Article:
[Jacques Chirac] had been so identified for years with France's pro-Iraqi policy that nationalists in Iran, the enemy of Iraq, mock him by pronouncing his name "Shah-Iraq." Some Israelis who believed that the reactor would have enabled Iraq to produce a nuclear bomb added their contempt by calling the Osirak nuclear reactor "O-Chirac."
In the original salvo two years ago, Giscard, a possible rival of Chirac in the coming election, told the French Jewish magazine L'Arche that the sale of the reactor to Iraq "came out of an agreement that was not negotiated in Paris and therefore did not originate with the president of the republic." Those words seemed to put full responsibility on Chirac.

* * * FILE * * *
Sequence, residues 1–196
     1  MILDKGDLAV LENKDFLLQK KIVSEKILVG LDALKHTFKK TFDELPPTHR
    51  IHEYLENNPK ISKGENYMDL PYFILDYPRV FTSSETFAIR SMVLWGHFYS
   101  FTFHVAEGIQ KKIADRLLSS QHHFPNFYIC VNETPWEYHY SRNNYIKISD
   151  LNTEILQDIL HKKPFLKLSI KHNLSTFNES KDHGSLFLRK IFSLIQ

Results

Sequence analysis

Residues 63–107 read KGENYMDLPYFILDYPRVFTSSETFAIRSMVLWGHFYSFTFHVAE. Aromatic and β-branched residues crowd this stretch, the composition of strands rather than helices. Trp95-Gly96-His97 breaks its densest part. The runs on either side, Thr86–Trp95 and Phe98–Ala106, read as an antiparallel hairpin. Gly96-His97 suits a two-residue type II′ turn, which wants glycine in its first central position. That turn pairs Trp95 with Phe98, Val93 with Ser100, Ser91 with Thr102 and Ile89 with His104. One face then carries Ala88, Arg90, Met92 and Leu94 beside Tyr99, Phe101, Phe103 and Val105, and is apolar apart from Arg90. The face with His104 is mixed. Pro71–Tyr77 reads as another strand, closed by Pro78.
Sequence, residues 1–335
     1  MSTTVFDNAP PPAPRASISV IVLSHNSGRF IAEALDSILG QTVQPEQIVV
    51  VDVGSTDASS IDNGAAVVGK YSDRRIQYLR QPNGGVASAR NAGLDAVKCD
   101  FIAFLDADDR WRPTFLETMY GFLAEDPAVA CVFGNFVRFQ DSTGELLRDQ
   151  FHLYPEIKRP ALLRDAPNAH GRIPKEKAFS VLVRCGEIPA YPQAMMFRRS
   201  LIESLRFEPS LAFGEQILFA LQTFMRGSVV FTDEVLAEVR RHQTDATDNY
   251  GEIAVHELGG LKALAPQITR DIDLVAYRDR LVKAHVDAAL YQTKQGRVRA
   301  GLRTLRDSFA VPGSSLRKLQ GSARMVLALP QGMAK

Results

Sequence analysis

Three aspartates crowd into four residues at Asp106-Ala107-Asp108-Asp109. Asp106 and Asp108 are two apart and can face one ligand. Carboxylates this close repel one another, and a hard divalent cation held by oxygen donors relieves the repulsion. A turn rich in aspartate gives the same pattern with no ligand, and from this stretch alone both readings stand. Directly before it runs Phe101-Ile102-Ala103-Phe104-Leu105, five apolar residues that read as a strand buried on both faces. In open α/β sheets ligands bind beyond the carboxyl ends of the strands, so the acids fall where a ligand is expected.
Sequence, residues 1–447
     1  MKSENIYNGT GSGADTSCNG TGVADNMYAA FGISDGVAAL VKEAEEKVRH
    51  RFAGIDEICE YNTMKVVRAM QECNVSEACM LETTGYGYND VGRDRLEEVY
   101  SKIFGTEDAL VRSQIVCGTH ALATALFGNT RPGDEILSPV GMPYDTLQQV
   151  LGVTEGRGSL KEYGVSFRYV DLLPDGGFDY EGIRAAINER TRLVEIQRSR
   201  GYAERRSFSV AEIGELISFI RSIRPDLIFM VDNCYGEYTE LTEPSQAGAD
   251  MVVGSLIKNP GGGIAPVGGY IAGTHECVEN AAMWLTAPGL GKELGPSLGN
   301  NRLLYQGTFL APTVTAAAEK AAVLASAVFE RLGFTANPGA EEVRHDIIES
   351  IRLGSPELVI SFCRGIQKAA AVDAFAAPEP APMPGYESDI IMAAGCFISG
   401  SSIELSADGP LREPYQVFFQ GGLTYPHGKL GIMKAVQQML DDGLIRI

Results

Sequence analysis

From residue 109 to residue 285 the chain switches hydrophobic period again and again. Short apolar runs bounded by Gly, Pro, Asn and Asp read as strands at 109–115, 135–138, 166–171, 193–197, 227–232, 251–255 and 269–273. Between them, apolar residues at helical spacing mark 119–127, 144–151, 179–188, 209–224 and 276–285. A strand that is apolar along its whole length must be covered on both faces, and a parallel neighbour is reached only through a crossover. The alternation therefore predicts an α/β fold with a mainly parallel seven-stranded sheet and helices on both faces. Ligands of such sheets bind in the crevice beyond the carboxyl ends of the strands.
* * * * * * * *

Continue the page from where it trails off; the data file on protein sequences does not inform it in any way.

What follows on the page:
Most analysts now believe that Chirac, a conservative, and [Francois Mitterrand], a Socialist, would be the leading candidates. But French presidential elections have two rounds, and the first is usually a kind of free-for-all. Giscard is regarded as a possible rival of Chirac for rightist voters in the first round.